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"We Tibetans are looking for a legitimate and meaningful autonomy, an arrangement that would enable Tibetans to live within the framework of the People’s Republic of China."

China Asks Merkel to Abandon Talks With Dalai Lama

September 18, 2007

Deutsche Welle, Germany
18.09.2007

International Relations

In the run-up to the Dalai Lama's first visit to the German Chancellery, China has said it disapproves of politicians meeting with the Tibetan religious leader and called for Chancellor Merkel to cancel the encounter.

"The Dalai Lama is not simply a religious figure, he is a long-time political exile engaged in separatist activities," said Chinese spokeswoman Jiang Yu on Tuesday, Sept. 18. She added that China was against any contact with the Dalai Lama by any country's officials.

"We hope that Germany will consider the higher interest of Chinese-German relationships and not allow the Dalai Lama's visit," Jiang Yu said.

But there has been no change to Chancellor Angela Merkel's agenda since the Chinese request.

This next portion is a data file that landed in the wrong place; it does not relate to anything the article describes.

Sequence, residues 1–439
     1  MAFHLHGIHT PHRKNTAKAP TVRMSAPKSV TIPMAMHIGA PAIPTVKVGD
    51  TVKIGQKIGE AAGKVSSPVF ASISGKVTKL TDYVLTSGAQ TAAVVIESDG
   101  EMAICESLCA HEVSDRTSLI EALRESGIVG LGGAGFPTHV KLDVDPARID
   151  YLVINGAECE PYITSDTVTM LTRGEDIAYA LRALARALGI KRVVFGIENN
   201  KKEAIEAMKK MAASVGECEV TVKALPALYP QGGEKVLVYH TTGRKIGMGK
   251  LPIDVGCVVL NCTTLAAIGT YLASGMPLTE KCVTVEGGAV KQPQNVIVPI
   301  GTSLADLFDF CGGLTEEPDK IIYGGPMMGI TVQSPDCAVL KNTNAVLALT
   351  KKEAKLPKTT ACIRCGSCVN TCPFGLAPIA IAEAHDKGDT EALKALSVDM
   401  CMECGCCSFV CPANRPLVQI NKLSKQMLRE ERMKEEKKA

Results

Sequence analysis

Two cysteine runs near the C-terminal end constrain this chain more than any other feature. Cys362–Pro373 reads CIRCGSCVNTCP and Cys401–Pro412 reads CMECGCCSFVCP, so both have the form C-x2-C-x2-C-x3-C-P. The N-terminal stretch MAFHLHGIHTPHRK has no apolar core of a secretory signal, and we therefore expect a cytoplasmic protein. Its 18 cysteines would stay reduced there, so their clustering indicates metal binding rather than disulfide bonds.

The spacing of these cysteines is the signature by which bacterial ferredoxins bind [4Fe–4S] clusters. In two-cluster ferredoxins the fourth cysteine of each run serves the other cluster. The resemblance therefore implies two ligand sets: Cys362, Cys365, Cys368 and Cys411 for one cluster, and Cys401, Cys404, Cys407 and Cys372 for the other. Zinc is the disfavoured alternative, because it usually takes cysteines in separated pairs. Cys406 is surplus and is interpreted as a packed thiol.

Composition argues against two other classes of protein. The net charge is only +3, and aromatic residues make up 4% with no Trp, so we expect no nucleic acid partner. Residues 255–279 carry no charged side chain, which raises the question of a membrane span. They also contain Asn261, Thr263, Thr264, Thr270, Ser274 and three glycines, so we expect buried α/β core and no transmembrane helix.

China has consistently spoken out against politicians' visits with the 72-year-old Dalai Lama, who has led a Tibetan government-in-exile in India since 1959. His advocacy for greater autonomy for Tibet has found great
international response.

The statement from the Chinese government came in response to an announcement last week that Merkel would meet with the Dalai Lama on Sunday, Sept. 23 in Berlin. It will be the Nobel Prize winner's first visit to the
chancellery, though he met with Merkel in 2005 while she was opposition leader.

Chinese protests haven't been heard

Two of Germany's former foreign ministers, Joschka Fischer and Klaus Kinkel, have also brushed with Chinese disapproval by meeting with the Dalai Lama -- Fischer in 2005 and Kinkel in 1995.

Also to the dismay of the Chinese government, Christian Democrat Roland Koch, premier of the German state of Hesse, has developed a friendship with the Tibetan leader since their first meeting 20 years ago. It was Koch who
brought the Dalai Lama and Merkel together in 2005, reported the online version of Germany's mass-circulation daily Bild.

German government spokesman Ulrich Wilhelm said Sunday's meeting was part of a series of private visits between the chancellor and religious leaders.

Human rights in Tibet, as well as German-Chinese policy issues were likely to be topics of the discussions, Wilhelm said. He added that Merkel also addressed the same issues with Chinese leaders.

"Tibet is a human rights issue that we have brought up with China," Wilhelm said.

 

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